A new IOT security standard forbids manufacturers from using default, universal passwords to secure connected devices.
The standard is the work of the European Telecommunications Standards Institute (ETSI), which calls the document the first "globally applicable" consumer IOT standard.
It aims to provide a security "baseline" for connected consumer products, such as childrens’ toys, baby monitors, smoke detectors, door locks, smart cameras, TVs, speakers, wearables, home automation and alarm systems, washing machines and fridges.
The new standard also requires a vulnerability disclosure policy, applying to researchers who report security issues.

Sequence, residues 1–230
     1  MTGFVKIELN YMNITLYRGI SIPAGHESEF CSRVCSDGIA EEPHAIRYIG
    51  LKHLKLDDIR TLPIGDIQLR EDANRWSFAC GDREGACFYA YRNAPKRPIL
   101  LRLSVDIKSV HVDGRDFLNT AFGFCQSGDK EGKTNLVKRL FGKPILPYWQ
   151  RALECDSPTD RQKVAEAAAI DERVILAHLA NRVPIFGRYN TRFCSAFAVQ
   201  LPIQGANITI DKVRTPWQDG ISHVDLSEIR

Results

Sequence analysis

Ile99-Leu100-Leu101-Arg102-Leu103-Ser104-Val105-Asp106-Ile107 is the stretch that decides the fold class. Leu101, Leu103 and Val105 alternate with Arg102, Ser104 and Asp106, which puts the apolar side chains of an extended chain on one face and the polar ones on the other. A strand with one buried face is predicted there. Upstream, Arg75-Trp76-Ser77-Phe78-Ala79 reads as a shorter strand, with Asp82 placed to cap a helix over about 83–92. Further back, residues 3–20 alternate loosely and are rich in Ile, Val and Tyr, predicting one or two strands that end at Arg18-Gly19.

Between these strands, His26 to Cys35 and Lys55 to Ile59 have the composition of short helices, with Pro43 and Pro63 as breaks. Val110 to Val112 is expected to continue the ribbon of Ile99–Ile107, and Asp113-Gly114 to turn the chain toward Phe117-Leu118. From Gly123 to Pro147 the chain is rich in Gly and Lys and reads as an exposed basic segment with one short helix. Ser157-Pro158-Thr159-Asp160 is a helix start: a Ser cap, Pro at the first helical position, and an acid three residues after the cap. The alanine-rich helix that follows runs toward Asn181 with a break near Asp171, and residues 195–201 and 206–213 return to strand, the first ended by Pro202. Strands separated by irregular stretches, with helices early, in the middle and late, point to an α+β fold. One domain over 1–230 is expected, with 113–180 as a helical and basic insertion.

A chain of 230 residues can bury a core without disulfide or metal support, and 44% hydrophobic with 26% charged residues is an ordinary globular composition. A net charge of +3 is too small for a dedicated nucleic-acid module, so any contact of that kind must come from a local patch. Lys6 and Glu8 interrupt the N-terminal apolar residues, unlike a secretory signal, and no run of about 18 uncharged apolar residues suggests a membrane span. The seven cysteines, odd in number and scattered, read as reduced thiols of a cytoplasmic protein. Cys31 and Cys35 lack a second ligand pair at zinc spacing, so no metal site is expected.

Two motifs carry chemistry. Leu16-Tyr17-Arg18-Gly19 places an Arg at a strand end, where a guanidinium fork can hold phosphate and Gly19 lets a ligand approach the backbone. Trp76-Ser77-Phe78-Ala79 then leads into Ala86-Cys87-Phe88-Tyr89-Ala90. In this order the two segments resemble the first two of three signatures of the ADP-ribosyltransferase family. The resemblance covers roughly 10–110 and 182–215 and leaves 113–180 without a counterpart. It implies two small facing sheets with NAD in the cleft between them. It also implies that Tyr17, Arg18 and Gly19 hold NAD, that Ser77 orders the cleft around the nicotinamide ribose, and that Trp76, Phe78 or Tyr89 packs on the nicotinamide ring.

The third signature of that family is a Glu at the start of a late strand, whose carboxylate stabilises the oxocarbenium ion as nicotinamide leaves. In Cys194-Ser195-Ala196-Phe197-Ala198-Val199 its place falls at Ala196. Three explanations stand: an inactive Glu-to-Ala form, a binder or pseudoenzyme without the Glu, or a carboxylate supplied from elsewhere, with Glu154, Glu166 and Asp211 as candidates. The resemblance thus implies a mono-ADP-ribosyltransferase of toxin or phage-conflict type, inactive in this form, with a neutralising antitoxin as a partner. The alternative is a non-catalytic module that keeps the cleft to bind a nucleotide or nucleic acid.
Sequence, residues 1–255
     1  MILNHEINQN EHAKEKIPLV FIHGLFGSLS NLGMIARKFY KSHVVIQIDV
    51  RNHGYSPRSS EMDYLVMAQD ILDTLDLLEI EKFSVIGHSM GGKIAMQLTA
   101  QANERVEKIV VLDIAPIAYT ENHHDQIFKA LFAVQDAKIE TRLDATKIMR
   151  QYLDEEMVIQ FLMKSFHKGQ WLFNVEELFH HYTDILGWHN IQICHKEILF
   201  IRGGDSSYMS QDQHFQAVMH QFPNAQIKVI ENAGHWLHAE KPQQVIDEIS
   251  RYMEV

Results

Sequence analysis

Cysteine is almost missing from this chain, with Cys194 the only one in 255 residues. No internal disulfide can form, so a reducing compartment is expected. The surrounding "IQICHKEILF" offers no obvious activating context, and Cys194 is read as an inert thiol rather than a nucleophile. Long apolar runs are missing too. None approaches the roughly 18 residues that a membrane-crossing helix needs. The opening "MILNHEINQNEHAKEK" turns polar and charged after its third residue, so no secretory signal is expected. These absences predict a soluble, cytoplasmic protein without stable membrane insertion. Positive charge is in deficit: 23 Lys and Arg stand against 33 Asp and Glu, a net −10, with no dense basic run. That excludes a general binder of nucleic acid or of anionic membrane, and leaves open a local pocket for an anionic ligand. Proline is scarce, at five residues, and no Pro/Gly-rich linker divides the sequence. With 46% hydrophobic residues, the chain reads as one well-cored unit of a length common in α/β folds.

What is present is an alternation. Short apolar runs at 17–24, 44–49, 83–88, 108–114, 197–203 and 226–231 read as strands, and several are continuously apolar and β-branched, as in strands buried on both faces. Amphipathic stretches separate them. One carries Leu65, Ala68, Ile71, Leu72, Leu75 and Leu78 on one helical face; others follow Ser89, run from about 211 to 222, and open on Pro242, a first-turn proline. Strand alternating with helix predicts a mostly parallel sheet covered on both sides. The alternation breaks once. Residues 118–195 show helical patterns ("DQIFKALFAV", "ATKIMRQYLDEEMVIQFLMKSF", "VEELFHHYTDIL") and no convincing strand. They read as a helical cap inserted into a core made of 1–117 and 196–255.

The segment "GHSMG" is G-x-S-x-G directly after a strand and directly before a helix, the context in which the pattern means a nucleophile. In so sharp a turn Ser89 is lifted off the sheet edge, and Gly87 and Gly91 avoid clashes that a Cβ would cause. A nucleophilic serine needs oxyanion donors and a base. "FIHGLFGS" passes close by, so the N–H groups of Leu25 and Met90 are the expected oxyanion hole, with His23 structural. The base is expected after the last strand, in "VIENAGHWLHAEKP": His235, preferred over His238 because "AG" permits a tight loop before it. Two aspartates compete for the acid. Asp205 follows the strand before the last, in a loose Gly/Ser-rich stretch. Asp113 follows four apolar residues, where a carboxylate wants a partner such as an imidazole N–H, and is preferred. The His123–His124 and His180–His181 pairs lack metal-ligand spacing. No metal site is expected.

It will also help ensure devices are compliant with Europe’s General Data Protection Regulation, the ETSI claimed.
The standard’s other provisions include:
- Keep software updated
- Securely store credentials and security-sensitive data
- Communicate securely
- Minimize exposed attack surfaces
- Ensure software integrity
- Ensure that personal data is protected
- Make systems resilient to outages
- Examine system telemetry data
- Make it easy for consumers to delete personal data
- Make installation and maintenance of devices easy
- Validate input data
The ETSI cited "growing concern" about IOT security, including the exploitation of connected devices to launch large-scale Distributed Denial of Service attacks.
This month, US company Pepper IOT reported that major US retailers were selling connected devices that leaked sensitive data.